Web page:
I also used the router to cut the groove on the edge of the boards that will get T-molding. Here is a test piece done to dial in the position of the groove, with a small strip of the gray T-molding I will use installed:

In the photo above you can clearly see the different layers of the Jaycore, with plywood in the middle and MDF on both faces.

With the top, bottom, left and right pieces done, I then cut a smaller panel for the back that will have two exhaust fans – something like this:

They’re simply 120mm computer case fans but work well for other random application such as this one and are really quiet.

I then used a circle cutting jig on the router to cut the openings for the fans:

I now had enough pieces to assemble the basic box shape! I drilled pocket holes (not pictured) and put it together. It turned out pretty square and everything lined up well. Woo! I’m sure the experienced woodworkers are rolling their eyes here but this is the biggest woodworking project I’ve ever undertaken so forgive me while I pat myself on the back ūüėõ

Also note my pocket holes are on the inside, pointed towards the outside – not as strong as the other way around. Some (Hi again Steve!) may consider it a no-no, but I did a test piece and given I’m also using dowels the joint ended up being plenty strong. Doing it this way saved me a ton of work filling the pockets that would be visible if I had done them on the outside.

On to the front! I used a jigsaw for the coin door and DB-15 cutouts, and the woofer hole was cut in a similar fashion to the fan holes.

I then created the top speaker panel. It’s construction was very similar to the fan panel, except two of the edges were beveled 15¬į – this was my first time using the bevel feature on my table saw! A few pocket holes and a reinforcing piece between the two and voil√†, my box has a front now.

Although most of the interior wiring and kitting out will be done after paint, I decided to do the 120V now to avoid damaging the finish later. My cabinet is wired with two separate 120V circuits via a dual switch, such that I can turn on and off the power to the sound system and arcade boards separately. This makes it possible to use the Superbench as a sound system only, useful for playing game consoles.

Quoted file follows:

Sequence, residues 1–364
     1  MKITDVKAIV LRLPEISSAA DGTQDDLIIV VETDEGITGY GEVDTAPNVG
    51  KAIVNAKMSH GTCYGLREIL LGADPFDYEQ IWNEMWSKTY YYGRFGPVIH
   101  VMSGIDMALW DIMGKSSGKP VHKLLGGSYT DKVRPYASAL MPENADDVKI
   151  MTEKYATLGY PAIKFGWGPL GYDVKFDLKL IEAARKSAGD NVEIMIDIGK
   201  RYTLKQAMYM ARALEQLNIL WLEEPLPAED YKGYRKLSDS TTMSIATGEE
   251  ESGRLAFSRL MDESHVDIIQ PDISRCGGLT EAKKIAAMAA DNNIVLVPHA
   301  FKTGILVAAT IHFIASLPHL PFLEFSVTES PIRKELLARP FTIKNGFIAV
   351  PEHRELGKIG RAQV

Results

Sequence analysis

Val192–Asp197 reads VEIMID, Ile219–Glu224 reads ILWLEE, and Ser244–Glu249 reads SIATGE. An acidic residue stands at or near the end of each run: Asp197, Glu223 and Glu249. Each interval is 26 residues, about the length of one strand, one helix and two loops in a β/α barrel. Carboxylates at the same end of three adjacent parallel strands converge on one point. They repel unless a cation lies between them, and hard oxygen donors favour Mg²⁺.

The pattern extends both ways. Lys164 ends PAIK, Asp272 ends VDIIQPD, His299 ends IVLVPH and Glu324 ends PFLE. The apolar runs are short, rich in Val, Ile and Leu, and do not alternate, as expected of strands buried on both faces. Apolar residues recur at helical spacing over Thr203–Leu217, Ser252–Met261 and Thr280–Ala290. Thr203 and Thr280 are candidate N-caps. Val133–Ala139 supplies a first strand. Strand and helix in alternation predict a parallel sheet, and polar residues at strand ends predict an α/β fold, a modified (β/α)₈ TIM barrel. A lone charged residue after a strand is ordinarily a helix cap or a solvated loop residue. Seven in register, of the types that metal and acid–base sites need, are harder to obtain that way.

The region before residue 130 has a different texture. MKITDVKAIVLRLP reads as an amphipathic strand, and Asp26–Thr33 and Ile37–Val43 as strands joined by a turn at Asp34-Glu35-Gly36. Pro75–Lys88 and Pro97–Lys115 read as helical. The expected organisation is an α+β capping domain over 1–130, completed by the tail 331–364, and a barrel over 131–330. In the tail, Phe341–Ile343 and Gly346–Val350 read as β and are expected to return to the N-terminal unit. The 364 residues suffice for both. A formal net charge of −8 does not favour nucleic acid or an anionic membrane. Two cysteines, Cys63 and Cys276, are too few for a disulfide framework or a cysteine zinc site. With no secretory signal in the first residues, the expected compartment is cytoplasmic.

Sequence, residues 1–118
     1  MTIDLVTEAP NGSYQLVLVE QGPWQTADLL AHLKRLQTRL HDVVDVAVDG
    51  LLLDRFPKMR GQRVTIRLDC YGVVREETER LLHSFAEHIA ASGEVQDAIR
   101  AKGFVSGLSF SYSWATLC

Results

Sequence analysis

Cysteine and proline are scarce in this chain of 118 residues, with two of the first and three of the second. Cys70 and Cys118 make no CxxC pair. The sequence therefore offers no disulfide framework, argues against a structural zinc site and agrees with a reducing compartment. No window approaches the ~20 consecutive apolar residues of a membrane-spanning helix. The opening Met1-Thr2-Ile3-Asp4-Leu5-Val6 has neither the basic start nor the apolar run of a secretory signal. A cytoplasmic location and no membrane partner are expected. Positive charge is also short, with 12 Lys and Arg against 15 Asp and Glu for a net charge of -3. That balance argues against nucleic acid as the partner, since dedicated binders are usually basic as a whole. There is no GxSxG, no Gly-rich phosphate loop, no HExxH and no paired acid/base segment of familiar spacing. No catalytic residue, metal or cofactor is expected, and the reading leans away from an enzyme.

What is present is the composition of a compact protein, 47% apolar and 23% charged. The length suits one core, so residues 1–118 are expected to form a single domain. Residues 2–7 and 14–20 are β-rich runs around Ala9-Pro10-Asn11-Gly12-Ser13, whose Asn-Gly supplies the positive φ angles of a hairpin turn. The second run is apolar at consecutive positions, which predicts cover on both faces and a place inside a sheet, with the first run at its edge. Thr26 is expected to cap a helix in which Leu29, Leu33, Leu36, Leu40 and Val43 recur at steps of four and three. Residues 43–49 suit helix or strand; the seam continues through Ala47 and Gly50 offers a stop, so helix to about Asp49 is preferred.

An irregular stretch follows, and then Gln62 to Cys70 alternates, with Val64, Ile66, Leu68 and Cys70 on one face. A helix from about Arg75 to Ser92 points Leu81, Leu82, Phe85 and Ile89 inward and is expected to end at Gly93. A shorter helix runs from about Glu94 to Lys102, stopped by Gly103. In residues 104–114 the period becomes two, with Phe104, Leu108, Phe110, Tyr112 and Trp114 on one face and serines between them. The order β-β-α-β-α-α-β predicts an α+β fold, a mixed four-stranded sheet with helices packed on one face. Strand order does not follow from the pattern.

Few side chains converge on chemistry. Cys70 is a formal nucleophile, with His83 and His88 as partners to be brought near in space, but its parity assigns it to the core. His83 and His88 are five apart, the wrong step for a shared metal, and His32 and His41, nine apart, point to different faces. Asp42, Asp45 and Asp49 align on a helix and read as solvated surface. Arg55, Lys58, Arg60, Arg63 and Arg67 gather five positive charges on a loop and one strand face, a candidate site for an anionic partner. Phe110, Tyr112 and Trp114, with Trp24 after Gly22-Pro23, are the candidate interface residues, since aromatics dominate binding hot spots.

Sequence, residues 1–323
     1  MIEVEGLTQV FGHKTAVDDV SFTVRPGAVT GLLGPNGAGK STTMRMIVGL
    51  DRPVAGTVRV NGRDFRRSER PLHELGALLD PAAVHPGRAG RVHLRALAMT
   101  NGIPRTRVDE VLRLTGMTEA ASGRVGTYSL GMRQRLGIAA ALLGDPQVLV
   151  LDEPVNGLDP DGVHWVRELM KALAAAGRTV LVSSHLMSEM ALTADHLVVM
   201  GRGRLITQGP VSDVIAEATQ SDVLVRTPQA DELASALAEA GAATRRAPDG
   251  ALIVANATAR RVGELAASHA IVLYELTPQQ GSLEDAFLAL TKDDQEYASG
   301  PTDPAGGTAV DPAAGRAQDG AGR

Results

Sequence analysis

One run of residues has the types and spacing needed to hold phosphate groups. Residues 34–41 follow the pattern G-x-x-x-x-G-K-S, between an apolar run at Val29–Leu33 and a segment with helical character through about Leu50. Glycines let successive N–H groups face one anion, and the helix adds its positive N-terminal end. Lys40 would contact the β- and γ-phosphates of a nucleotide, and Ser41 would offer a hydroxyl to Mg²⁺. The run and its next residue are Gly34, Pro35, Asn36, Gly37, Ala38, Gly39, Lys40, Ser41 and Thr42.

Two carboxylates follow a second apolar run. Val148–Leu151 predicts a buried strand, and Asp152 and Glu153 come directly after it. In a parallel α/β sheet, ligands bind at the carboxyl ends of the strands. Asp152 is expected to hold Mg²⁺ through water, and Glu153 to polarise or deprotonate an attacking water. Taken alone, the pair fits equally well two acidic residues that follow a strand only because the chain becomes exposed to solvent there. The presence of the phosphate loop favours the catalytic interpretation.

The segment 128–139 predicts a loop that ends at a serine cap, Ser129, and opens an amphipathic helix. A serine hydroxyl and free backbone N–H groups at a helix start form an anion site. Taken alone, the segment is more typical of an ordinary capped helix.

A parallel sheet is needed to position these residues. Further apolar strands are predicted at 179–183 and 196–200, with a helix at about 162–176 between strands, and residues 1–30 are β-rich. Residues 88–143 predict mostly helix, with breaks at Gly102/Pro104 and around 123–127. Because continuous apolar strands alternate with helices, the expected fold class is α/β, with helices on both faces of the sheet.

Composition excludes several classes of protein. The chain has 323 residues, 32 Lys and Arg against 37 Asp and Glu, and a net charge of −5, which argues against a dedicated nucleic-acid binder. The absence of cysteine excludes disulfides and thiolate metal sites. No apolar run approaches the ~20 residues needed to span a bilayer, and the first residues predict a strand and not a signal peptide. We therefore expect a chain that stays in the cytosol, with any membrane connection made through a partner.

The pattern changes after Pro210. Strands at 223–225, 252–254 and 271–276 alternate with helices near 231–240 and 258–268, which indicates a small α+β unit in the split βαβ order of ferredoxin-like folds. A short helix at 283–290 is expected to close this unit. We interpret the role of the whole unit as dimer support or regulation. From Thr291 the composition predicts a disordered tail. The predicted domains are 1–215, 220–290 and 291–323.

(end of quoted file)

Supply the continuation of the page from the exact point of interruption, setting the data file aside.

You’ll also notice the small cutout between the two fan holes – this is to allow the passage of video cables from inside the bench up to the TV.

Finally, on to paint! If you’ve never painted MDF before, you’ll find that it soaks up paint like a sponge – this makes it very very difficult to get a good finish. I did some research online and found a product called Zinnser BIN which is supposed to seal the MDF, leading to much better results. I did a small test piece first and it seemed to work, so off I went!

My back yard is not just my wood shop – it’s my spray booth, too! ūüė¨ Dust can be a real problem painting outdoors like this but I’ve found as long as it’s not too windy and the surfaces are all vertical you can still get good results – forget about it with horizontal pieces though, the wet paint will catch every little piece of dust falling from the air. Notice the top piece isn’t on in the photo above and will be painted separately.

A few coats of Zinnser BIN done, with the top piece leaning on the fence in the background. I then sanded it very lightly to smooth out the finish, and moved on to paint. I used¬†“Gloss Deep Blue” by Rustoleum Painter’s Touch 2x. The finish came out pretty nice! Note I didn’t have to worry about the edges of the boards as those will be covered in plastic T-molding.

That’s it for now! Stay tuned for the exciting conclusion in Part 2 in which I will finish the project out with interior wiring, sound, artwork, and trimmings!